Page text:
After his encounter with Sitting Bull, Brown briefly took up a safer occupation as a storekeeper at Fort Stevenson before returning to his former duties in the fall of 1868. In November 1868, he was put in charge of Fort Stevenson’s mail carriers and remained in charge until June 1869. Although no couriers were lost under Brown’s leadership while on Army business, one of Brown’s side assignments in the late winter of 1869 ended in disaster.
In March 1869, Brown was persuaded to undertake a side assignment in which he would act as guide for a Fort Stevenson carpenter named Richer, who was returning to Canada on account of family business, and Voyles, a veteran of the United States Army. He was to be accompanied by Fort Stevenson’s Private Shank and Mr. Bittner.
On March 7, the party set out on the first leg of the journey, en route to Fort Totten. On March 12, Brown was stricken with snow blindness. To make matters worse, the wind picked up and devolved into a ferocious blizzard on the afternoon of March 13.
The snow storm raged without respite for nearly a week. In the end, Brown and Richer, half dead with cold and hunger, were found sheltering in one of the mail stations between Forts Stevenson and Totten. The frozen bodies of Bittner and Shank, who had wandered off in the storm, were recovered several miles from Fort Totten. Voyles’ body was never found.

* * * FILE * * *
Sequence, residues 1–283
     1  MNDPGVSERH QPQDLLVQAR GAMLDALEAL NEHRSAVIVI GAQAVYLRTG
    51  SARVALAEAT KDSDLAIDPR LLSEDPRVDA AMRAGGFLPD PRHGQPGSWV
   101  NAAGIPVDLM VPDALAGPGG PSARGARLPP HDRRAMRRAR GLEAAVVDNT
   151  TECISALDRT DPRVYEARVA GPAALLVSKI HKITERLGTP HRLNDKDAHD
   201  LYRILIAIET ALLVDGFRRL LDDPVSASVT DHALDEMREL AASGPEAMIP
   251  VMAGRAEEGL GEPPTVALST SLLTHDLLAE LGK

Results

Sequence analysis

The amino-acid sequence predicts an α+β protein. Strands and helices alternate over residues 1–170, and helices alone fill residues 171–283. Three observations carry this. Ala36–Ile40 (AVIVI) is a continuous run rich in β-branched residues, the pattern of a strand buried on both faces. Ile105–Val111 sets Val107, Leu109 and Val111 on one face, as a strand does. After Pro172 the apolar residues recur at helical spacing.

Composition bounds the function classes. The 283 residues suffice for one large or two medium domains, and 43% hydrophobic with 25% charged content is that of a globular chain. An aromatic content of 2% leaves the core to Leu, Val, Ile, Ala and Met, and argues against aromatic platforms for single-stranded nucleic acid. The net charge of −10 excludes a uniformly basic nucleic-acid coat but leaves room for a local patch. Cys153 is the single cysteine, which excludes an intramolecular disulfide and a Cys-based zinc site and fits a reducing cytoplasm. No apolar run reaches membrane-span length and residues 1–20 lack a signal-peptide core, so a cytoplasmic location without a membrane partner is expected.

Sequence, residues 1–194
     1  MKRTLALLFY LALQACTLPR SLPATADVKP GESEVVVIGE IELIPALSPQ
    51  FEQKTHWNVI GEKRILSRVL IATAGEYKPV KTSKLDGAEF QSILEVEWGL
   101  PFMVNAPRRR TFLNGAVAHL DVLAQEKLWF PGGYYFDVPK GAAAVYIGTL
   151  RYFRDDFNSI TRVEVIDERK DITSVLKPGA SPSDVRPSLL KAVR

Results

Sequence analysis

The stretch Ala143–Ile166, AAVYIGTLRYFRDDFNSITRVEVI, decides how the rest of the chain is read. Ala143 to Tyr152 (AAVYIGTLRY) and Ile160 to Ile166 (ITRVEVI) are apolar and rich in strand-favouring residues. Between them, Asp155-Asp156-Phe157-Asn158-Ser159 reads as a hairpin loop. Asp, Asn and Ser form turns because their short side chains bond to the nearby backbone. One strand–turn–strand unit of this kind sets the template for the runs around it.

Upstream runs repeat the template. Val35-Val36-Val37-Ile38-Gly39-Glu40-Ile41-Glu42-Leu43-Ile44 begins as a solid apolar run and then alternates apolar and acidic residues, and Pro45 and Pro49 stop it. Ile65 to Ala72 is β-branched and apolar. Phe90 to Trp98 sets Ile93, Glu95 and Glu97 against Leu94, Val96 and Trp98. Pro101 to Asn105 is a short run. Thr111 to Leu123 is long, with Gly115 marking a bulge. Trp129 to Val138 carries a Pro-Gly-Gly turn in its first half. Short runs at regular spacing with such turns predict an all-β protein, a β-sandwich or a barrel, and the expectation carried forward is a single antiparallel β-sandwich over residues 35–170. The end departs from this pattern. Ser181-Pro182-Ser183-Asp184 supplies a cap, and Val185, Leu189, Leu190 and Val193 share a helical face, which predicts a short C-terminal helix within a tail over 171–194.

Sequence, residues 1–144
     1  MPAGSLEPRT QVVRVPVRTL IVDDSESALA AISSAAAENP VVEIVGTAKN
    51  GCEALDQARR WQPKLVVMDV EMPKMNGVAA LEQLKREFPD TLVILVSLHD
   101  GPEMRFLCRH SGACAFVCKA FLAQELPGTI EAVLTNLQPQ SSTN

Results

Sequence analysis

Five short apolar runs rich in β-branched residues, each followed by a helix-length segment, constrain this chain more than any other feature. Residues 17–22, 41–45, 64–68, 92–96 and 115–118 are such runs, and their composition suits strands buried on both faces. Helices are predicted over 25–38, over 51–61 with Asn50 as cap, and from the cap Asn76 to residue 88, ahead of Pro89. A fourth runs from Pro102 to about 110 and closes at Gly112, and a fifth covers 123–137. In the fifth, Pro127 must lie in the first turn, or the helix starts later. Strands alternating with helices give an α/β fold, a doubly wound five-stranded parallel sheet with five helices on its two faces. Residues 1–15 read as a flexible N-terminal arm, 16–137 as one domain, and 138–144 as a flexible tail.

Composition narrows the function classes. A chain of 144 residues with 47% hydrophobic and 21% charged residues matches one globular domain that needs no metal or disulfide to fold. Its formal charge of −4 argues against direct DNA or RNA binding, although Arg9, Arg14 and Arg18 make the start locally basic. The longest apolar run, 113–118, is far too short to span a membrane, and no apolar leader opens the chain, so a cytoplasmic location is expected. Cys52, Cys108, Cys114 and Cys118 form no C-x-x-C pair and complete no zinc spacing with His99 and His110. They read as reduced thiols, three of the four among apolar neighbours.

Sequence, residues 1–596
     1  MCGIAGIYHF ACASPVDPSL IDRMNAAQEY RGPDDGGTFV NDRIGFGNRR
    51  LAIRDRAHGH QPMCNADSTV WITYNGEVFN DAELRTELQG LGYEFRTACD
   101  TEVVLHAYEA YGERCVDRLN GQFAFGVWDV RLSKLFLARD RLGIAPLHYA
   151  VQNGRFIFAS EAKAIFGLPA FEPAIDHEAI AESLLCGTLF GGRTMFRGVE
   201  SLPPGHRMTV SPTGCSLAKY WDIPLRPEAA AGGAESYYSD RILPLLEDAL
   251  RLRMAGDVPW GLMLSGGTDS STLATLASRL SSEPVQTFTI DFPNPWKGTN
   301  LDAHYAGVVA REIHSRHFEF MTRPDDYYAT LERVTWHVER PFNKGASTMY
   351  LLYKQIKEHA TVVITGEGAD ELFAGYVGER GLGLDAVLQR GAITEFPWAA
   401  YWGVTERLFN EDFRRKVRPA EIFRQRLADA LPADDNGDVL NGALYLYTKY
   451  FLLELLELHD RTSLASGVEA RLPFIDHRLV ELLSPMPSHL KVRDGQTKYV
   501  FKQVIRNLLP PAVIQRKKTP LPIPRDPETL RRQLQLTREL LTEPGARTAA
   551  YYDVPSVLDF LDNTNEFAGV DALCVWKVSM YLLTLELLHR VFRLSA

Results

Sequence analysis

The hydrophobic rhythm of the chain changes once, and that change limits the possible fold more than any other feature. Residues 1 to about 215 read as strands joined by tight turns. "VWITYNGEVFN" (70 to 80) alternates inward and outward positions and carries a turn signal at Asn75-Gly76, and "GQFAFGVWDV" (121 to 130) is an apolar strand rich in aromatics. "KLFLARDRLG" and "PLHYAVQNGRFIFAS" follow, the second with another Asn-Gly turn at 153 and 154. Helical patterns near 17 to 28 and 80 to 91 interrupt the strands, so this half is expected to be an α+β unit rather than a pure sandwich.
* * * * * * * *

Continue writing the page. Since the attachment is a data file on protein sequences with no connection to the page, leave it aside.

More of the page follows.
Part 5: Living with the Metis
On June 19, 1869, Brown’s contract with the Army expired. The frontiersman rode west to Fort Buford, North Dakota, and contracted with the 13th Infantry to operate a military express between Fort Buford and Fort Totten. In the middle of his first route, while in Fort Totten, Brown was requested to undertake a side job that entailed guiding a party, commanded by United States Army Brigadier General W.S. Hancock, on a tour of the region north and west of the fort. Brown accepted, and delegated his unfinished courier business to Metis riders at Fort Totten.
Near the end of the tour, Hancock decided that he and his party should stay for some time in Pembina, North Dakota. During this time, thirty-year-old Brown met eighteen-year-old Olivia D’Lonais, a beautiful French-Cree Metis girl who lived in the village. After a brief courtship, Brown married Olivia on September 26, 1869, in Pembina’s St. Joseph’s Church.